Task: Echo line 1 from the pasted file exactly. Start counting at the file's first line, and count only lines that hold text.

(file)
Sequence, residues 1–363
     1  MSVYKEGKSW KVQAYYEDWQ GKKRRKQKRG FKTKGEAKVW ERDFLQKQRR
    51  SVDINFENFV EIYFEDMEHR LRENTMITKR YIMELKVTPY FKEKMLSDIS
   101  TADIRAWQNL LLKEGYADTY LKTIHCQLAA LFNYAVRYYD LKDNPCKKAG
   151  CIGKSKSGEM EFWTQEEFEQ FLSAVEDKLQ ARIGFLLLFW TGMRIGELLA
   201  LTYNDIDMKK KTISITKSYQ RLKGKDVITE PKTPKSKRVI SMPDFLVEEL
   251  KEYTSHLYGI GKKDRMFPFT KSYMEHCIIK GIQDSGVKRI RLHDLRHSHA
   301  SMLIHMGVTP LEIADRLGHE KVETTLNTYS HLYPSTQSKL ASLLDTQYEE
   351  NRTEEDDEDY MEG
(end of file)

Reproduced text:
Sequence, residues 1–363